When contemplating the purchase of products such as the Gerber life insurance. Please Please Please consider an alternative. By avoiding the purchase of insurance when you don’t need it, buying term insurance when you do, and investing along the way, you could build substantial wealth for you & your estate.

If you are a grandparent looking to make a financial investment on behalf of your grandchild, consider a simple mutual fund investment. A basic, $1,000 one time investment for an infant, would grow to over $6.3 million dollars by the time your grandchild reaches 80 years of age. This small investment could mean a radical change in the financial health of your family tree.

Healthcare Reform: Now Let Me Get This Straight

One of my favorite blogs belongs to Dr. Mark J. Perry. He is a economics & finance professor at the University of Michigan. Recently, he posted a ‘quote of the day’ that gave me a chuckle. I thought I would share:

Now, let me get this straight…..We are going to pass a health care plan written by a committee whose chairman says he doesn’t understand it, passed by a Congress that hasn’t read it but exempts themselves from it, to be signed by a president that also hasn’t read it and who smokes, with funding administered by a treasury chief who didn’t pay his taxes…all to be overseen by a surgeon general who is obese, and financed by a country that’s nearly broke. What could possibly go wrong?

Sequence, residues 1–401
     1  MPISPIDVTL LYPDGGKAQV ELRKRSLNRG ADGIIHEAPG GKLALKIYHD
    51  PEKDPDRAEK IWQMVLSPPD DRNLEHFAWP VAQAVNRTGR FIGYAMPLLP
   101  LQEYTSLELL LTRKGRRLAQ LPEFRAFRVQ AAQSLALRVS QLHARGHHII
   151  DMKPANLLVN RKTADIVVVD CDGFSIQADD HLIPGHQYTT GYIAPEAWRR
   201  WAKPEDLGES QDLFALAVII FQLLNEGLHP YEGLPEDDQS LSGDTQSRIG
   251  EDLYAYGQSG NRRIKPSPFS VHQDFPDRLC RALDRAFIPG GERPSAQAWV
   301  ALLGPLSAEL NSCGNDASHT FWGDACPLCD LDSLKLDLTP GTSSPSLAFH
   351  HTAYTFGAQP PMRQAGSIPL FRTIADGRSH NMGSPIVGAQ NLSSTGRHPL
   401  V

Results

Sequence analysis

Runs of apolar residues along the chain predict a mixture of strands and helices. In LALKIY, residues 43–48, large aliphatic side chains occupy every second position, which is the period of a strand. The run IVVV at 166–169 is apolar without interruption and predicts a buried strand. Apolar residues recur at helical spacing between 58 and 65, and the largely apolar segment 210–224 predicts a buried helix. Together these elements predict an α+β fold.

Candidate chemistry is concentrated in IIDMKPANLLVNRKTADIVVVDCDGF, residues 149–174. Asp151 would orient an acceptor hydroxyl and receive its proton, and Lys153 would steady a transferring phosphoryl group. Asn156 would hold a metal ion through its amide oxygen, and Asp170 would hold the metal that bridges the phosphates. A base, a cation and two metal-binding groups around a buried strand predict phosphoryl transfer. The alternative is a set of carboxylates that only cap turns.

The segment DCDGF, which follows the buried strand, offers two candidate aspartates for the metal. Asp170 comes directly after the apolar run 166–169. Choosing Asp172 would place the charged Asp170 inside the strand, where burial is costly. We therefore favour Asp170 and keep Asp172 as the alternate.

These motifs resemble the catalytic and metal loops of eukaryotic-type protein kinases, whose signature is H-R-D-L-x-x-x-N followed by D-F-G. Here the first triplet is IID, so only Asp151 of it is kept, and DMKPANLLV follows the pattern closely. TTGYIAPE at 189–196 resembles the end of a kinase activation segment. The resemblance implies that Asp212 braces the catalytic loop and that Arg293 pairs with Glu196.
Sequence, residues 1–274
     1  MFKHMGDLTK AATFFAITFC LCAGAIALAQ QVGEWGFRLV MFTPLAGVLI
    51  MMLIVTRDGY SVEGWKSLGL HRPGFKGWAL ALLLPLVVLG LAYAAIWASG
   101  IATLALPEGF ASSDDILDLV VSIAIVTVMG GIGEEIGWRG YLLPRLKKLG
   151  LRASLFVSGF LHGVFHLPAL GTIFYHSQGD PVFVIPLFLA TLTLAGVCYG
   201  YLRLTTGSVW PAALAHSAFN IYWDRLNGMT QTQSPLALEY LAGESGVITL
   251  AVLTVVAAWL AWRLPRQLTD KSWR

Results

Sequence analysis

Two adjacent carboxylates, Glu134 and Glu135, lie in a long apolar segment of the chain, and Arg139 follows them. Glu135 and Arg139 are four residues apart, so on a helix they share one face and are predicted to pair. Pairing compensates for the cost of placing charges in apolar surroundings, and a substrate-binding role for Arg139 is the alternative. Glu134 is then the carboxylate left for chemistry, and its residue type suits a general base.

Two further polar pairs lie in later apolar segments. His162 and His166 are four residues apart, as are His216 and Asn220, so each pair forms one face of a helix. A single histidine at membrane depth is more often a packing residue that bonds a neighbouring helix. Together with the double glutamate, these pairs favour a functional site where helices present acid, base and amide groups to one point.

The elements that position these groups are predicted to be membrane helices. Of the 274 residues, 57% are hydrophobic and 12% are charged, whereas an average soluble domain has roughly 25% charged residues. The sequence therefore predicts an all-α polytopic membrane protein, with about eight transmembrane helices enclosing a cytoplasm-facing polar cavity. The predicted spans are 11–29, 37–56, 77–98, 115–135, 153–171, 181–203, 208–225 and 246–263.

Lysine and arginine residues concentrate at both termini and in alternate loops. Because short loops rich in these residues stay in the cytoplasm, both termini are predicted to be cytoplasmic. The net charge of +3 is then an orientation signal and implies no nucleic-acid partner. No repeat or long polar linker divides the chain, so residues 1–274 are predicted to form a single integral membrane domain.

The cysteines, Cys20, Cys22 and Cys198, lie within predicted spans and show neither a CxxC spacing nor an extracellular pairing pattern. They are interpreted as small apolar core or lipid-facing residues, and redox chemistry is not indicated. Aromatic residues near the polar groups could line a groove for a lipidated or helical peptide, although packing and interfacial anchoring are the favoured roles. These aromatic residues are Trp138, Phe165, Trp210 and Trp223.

Article | CARPE DIEM: Quote of the Day.
Photo | wellohorld

Just The Facts: Homebuyer Tax Credit Extension

By now, you probably know about the Homebuyer Tax Credit. It came, it was successful, and it was extended. In this rendition of ‘Just The Facts’, we give you the quick & dirty concerning the Homebuyer Tax Credit extension.

  • The Important Dates: The credit has been extended from November 30, 2009 until April 30, 2010. By that time you must have you new home under contract. From then, you have 60 days to close on the property, which gives you until June 30th to seal the deal.
  • The Important Numbers: For first-time homebuyers, the credit computes to 10% of the purchase price of your home, with a maximum credit of $8,000. So if you buy a $70,000 home, you will only get a $7,000 credit. The same is true for ‘non-first-time homebuyers’, except they have a maximum credit amount of $6,500. This is a new twist to the credit, as current homeowners were excluded in the original credit.
  • The Important People: If the timing is right, this tax credit could afford you with a wonderful opportunity. However, to make the most of the opportunity, you need to be working with quality professionals. Here are a few important people to surround yourself with: a CPA (to make the proper tax steps), a Mortgage Lender (to ensure you are getting the best rate on the most applicable loan), a Realtor (to see that you are getting a good deal on a home – after all, it is a buyers market), a Home Inspector (to ensure you are buying the home you think you are buying), and an Insurance Broker (to be certain your largest asset and its contents are protected).
  • The Important Catch: Out the sudden influx of new homebuyers, there has grown a strong presence of fraud. As a homebuyer, educate yourself. If anything seems fishing, seek a second opinion. When dealing with each of the previously mentioned professionals, ask them for recommendations for the other role players. Without a lot of work, you can discover the best of the best in your area.

via 4 tips for the homebuyer tax credit.